This “amazing grace,” this unutterable peace, this state of pure Love is available to every single one of us in every moment. This is the grace I find myself calling on more and more frequently now, as outer storms intensify. Between natural disasters, political uncertainties, acts of terrorism, new nuclear missiles, social justice atrocities, increasing polarization on so many levels, not to mention all the personal hardships of many people I know and love….sometimes it all just feels a little overwhelming.

And yet, what I’m finding is, aided by the smoke for my family and me, the hurricane for my BVI friends, or death itself for the other couple mentioned, life seems to be forcing us all to find new places. Deeper places, within ourselves. To find the place in our hearts which, like the eye of the hurricane, is always a stillpoint, a haven of everlasting peace.

Amidst the outer roar, it gently beckons us. We have but to quiet ourselves enough to heed its call, to deepen our awareness of this wellspring of peace, compassion and grace.

During these times of great and profound change, I deeply believe we must, right now, become the change we seek. If I want to experience peace, justice, balance and harmony in the outer world (in the myriad of ways that I now perceive just the opposite!) I must first create it within myself.

ItIMG_6591-N-MeditatingBeach’s not easy. It takes courage to look that honestly at oneself. But I believe beyond a shadow of a doubt that creating peace from the inside out is our only hope. So I redouble my commitment. I forgive myself when I fall short. And I commit again.

Love heals. It is the most powerful force in the Universe. I take great solace in knowing that.

Blessings to us all. We are all in this together.

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12 Comments

  1. Oh, Nancy, thank you for this essay! You put into words what it’s been like for us.

    Also, once again, I want to thank you for your amazing Pain CD. For years now it has stayed, ready to go, on my night stand. Your voice has led me hundreds, if not thousands, of times through the difficult realm of pain. I still marvel at how each word you chose is so inspired. And although we haven’t been in touch, I feel your warm and soothing compassion every time I hear your voice.

    So, once again, from the depth of my heart, thank you for walking with me by way of this CD. I am forever grateful.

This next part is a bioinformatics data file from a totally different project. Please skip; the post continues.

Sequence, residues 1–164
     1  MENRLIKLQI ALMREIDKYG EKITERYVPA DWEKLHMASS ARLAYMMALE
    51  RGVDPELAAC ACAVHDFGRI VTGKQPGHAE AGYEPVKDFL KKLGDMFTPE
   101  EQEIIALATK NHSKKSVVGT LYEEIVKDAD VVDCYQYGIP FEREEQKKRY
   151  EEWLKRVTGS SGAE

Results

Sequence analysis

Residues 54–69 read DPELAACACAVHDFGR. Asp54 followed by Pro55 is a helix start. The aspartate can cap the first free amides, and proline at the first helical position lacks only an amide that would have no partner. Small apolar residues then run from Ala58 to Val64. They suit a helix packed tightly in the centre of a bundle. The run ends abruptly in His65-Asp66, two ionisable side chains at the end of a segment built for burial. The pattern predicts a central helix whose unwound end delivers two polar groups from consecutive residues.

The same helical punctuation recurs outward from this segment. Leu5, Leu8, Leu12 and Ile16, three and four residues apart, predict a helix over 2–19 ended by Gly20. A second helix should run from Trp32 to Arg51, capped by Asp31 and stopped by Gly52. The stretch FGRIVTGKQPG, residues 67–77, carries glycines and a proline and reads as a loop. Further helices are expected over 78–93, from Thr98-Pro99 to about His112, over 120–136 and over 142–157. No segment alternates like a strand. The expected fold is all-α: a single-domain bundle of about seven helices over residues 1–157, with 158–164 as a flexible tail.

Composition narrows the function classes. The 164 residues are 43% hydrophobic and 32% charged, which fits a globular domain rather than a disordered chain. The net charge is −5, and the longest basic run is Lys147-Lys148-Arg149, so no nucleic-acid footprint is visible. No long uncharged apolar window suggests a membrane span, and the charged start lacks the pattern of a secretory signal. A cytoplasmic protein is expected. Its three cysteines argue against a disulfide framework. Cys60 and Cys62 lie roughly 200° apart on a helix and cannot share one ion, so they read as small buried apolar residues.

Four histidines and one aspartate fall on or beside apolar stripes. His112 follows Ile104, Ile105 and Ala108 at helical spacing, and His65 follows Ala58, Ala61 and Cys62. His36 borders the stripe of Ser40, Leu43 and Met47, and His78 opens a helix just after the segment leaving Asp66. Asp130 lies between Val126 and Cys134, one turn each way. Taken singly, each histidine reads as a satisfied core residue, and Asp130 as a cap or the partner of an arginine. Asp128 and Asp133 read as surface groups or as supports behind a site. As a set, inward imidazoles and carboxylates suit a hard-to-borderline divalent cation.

Reply
    • Vicki, thank YOU for taking time to write this. You have made my day. THIS is why I do the work I do. Love and blessings to you and yours…

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  2. Well said. I too have grievedfor my Oregon, burning so ravagedly in so many areas. I especially have thought about the animals…..knowing they have no place to flee….wanting safety and care for them too.

    I was also at the coast on Labor Day weekend, anticipating the clean fresh ocean air….getting instead heat, smoke, humidity…. it was good to read your comments and find that you had ultimately landed in a wonderful place….

    I read the teachings, after the elections, that each of us must focus on being in a grounded, centered place, non reactive, steady in our calmness… and living from a deeply trusting state. It has been an ongoing and good practice throughout this time. I was glad to read your words. They are a reminder and I was glad for the focus on love.

    O

    Reply
    • Yes, I think we all need to constantly remind ourselves, amidst all the bombardment, to choose Love. “I choose to make my love stronger than my fear.” That’s my main “bottom-line” affirmation. I’m repeating it a LOT these days! It is indeed a good practice, and staying centered in Love is so very needed! Thank you, Jenny, for your efforts to do so – we’re all in this together! Good to hear from you!

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  3. Beautifully stated, dear one–thank you for the reminders.

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    • Thanks, Elizabeth. Much love.

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  4. I love you. Thank you for speaking our hearts.

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    • I love you, too, Kim.

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  5. Nancy thank you for the beautiful expression of our sadness around the forest fires in our beloved state.
    I was on a three week trip in beautiful Scotland which is so much like Oregon. So I missed most of the horrible smoke that all of you experienced.
    Sending you much love and thanks for your newsletters. Namaste Kay

    Reply
    • Nice to hear from you, Kate! Glad you got to visit Scotland – very beautiful indeed. I’ve fond memories… Much love back to you. Good to feel heart connections. Especially now. Namaste.

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  6. Dear Nancy, Thank you so much for your writing about the visit to the coast and all the other interwoven components. It means a great deal to me to have your perspective. Your writing is helping me find my own voice. I’ve needed to write, as well, to document, witness and share with others what has been happening in Oregon this summer.

    Sincerely,
    with gratitude,
    Lynne

    Reply
    • I’m so glad, Lynne, that my writing has had this impact. The changes that have been occurring have been powerful experiences for many of us, from forest fires to hurricanes and more. The number of replies I’ve gotten – on this blog post, via phone calls, and many personal replies to my newsletter – has been indicative of how deeply so many of us are being affected by all this, here in Oregon and around the globe. Thank you for taking time to write to me, and for taking time to write about your experience in your own words. Blessings…

      Reply